Sweden's (former) highest peak has been taken down a few notches, thanks to the summer heat wave currently scorching Europe. Until recently, a glacier perched atop the southern peak of the Kebnekaise mountain rose higher than any other point in the country. But, as of Wednesday, it had melted so much that it now falls a hair below the height of the mountain's northern peak, the New York Times reports. Gunhild Ninis Rosqvist, a geography professor at Stockholm University, says she's "surprised" by the rapid melt-off (about 13 feet during July), per NBC News, "even though it has been ridiculously warm." Once towering 6,892.4 feet, the southern peak was down to 6,879.2 feet as of Friday, per Business Insider. The northern peak measures at 6,879.3 feet.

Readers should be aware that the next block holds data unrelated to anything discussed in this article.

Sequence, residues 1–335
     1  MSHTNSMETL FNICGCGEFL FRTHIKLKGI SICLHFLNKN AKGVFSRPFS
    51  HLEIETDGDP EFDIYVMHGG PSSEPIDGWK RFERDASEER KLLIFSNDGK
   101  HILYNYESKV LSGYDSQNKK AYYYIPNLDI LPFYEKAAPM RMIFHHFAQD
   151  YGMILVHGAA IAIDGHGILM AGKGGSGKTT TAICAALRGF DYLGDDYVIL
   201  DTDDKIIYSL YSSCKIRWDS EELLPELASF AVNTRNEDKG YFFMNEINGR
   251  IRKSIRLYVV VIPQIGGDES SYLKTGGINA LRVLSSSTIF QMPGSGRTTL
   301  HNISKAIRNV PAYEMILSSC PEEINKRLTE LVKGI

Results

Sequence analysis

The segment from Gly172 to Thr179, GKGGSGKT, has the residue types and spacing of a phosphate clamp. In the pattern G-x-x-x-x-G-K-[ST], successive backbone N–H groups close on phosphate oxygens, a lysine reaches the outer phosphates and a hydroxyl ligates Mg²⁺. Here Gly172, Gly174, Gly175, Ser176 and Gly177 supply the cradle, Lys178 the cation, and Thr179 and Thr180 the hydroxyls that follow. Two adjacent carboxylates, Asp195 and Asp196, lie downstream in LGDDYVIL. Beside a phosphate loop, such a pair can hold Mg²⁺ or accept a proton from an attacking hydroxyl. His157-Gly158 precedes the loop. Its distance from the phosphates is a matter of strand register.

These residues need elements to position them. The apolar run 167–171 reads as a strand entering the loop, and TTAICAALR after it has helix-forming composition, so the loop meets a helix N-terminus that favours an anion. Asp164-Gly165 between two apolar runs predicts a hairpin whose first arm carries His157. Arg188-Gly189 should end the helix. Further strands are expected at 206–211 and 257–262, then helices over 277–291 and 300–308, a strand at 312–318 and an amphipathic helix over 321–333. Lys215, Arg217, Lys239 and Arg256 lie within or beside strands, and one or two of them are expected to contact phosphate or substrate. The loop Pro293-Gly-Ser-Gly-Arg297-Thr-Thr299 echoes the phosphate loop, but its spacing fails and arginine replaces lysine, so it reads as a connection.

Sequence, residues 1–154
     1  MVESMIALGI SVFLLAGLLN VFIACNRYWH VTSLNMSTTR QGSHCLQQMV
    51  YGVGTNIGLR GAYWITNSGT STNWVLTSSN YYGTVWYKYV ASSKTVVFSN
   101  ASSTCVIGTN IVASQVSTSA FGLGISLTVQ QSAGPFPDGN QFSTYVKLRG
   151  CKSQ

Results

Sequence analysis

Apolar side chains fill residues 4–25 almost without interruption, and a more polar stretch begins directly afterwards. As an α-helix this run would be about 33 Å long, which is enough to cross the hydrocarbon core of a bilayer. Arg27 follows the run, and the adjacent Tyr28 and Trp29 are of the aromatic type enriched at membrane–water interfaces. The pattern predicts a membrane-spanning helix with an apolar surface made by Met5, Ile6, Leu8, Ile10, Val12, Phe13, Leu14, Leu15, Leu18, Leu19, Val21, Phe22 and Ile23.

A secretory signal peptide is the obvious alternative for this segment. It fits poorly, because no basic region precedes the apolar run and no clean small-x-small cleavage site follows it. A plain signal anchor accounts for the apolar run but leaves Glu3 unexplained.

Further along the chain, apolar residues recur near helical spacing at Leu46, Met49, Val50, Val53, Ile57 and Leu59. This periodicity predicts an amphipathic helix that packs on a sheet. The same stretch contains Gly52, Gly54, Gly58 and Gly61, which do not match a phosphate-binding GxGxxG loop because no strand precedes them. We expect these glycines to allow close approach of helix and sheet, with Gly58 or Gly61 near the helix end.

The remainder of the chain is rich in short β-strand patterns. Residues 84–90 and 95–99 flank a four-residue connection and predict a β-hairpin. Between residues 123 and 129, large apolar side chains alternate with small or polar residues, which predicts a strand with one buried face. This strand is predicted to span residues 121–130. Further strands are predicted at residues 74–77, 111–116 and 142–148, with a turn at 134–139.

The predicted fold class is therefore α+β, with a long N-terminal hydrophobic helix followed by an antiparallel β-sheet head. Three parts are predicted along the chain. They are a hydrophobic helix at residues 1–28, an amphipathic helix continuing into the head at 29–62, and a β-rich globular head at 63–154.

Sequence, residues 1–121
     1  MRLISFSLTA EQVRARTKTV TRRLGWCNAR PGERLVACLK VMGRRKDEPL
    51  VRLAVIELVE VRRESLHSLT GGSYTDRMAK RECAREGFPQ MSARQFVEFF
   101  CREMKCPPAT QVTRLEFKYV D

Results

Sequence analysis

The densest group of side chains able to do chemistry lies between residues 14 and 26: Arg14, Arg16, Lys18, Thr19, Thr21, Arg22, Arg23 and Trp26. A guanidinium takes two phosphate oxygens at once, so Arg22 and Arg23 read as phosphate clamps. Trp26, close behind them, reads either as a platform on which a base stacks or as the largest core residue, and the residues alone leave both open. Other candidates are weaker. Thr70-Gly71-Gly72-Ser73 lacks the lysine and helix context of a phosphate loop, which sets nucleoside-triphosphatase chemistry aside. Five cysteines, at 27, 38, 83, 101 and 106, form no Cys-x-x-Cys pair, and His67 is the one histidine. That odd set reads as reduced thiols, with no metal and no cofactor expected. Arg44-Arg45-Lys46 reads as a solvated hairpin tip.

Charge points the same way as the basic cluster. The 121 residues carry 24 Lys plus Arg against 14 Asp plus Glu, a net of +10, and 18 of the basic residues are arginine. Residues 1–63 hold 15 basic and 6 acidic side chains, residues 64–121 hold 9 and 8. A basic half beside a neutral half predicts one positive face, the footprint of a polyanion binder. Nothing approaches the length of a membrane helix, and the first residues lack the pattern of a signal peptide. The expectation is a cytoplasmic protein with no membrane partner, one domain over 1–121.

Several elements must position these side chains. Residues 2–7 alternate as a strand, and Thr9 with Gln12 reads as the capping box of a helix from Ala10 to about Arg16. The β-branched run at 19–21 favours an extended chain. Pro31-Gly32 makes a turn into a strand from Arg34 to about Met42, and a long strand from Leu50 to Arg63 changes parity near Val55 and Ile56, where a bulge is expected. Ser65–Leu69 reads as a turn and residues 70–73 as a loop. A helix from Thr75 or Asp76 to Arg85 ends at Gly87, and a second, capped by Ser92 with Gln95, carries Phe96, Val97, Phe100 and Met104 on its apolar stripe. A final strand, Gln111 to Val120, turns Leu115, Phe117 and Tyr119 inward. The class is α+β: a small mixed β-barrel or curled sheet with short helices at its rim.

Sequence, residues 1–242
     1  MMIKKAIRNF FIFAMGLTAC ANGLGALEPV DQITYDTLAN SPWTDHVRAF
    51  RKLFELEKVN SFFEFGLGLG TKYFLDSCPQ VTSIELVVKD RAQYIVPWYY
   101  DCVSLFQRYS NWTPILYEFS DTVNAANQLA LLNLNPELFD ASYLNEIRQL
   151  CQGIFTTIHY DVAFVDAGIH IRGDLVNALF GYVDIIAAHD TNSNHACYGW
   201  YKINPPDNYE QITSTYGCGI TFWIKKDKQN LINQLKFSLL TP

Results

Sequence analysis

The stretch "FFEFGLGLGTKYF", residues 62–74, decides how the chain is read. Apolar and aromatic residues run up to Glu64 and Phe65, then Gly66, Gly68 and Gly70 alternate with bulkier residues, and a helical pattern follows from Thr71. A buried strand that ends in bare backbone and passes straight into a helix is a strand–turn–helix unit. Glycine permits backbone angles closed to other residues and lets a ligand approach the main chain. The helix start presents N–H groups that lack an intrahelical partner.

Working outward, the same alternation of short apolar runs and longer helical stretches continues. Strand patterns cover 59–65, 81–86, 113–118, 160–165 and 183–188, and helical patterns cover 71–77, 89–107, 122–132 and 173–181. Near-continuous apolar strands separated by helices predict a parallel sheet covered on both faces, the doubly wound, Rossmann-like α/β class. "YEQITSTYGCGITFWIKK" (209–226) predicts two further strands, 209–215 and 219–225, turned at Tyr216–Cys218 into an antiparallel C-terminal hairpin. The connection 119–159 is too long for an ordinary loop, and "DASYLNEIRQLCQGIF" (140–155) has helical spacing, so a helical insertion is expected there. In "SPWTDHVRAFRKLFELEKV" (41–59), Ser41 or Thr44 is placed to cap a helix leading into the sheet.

Rosqvist, speaking to a local Swedish paper, says the melting glacier is symbolic of climate change, per the Times. When first measured in 1880, the southern peak was more than 6,965 feet tall. Since 1995, it has shrunk about 3 feet per year. Still, the southern tip is expected to gain back a bit of lost height during the winter, and the title of highest point may vacillate between the southern and northern peaks in years to come. One consequence of the melting southern peak is that climbers may now opt to tackle the northern peak so they can say they climbed to the highest point in Sweden, a rescue worker tells the Times. And, he says, that peak is "much harder to climb" due to the topography. Record heat has also affected Sweden's reindeer herders, causing a lack of vegetation and snow melt that makes it so "not even the reindeer can find a place to get relief from the sun," Rosqvist says. (Read more Sweden stories.)